Date of this version
cohort model, accounting education
This article documents a case study of a cohort-based MBA program with an accounting concentration. This ethnographic study used interviews, observations, and document review to examine the students’ experiences. Data were analyzed via grounded theory techniques. Results indicate that the cohort program provided students with knowledge about important socially-learned dimensions of the accounting profession. The interpersonal and group work skills needed in the accounting workplace are developed in a cohort program. However, the cohort model’s cooperative agenda could not eliminate individualistic, competitive tendencies. Finally, students found that their cohort experiences prepared them to handle certain informal facets of the accounting workplace, for example, office politics, grapevines and cliques.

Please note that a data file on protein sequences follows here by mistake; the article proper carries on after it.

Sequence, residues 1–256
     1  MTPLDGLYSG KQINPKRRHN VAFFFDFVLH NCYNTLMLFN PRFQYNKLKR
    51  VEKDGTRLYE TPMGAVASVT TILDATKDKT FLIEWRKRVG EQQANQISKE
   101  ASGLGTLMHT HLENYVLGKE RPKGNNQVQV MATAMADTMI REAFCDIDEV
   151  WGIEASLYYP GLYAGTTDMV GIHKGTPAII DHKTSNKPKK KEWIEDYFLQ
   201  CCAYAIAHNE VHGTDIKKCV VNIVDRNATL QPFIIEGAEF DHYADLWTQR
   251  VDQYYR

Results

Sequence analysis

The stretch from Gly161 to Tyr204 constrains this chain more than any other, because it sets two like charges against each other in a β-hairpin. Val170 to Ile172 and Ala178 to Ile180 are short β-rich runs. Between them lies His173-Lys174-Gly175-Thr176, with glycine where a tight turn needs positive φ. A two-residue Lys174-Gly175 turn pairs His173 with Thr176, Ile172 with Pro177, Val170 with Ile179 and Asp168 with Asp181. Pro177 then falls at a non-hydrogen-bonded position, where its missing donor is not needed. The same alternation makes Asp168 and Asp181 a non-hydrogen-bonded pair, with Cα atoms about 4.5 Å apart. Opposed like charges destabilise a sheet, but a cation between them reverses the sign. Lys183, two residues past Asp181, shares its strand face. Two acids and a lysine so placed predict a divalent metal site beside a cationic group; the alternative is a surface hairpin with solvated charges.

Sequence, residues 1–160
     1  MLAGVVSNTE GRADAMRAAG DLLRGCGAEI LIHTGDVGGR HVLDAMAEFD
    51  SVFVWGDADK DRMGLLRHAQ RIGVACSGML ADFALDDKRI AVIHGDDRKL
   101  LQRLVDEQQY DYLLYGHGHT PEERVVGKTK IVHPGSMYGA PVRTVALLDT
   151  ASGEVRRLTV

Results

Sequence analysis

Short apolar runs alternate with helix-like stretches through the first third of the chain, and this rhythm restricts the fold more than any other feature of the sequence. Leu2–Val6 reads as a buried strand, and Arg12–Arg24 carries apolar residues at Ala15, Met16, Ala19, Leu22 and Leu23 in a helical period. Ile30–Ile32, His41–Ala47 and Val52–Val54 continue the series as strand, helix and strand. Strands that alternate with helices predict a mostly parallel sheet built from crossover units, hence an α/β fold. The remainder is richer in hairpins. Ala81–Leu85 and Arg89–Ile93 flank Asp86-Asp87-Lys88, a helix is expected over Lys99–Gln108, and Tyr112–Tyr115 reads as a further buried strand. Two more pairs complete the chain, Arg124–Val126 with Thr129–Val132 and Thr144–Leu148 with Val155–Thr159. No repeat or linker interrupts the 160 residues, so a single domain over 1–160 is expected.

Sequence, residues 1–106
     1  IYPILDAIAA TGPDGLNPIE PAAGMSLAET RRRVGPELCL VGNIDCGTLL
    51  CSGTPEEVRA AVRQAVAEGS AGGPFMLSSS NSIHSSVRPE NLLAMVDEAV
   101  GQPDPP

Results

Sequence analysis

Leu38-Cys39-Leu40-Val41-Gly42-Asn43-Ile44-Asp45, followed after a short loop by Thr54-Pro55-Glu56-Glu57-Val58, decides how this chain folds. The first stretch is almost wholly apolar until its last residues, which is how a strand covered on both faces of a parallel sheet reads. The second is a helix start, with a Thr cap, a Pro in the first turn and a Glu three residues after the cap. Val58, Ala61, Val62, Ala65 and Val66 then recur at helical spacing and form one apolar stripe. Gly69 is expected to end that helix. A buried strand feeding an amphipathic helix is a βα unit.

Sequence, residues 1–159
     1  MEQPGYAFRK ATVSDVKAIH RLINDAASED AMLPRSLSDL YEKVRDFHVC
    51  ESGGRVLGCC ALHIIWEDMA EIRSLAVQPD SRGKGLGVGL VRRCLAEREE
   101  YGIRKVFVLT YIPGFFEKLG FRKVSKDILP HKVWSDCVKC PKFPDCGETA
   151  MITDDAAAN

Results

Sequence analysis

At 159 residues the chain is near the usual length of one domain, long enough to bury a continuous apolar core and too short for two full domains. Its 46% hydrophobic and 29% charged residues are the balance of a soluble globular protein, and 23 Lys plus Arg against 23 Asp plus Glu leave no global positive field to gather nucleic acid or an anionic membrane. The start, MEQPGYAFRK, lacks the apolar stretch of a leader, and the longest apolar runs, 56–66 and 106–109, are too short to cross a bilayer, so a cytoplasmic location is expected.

Accounting Education: An International Journal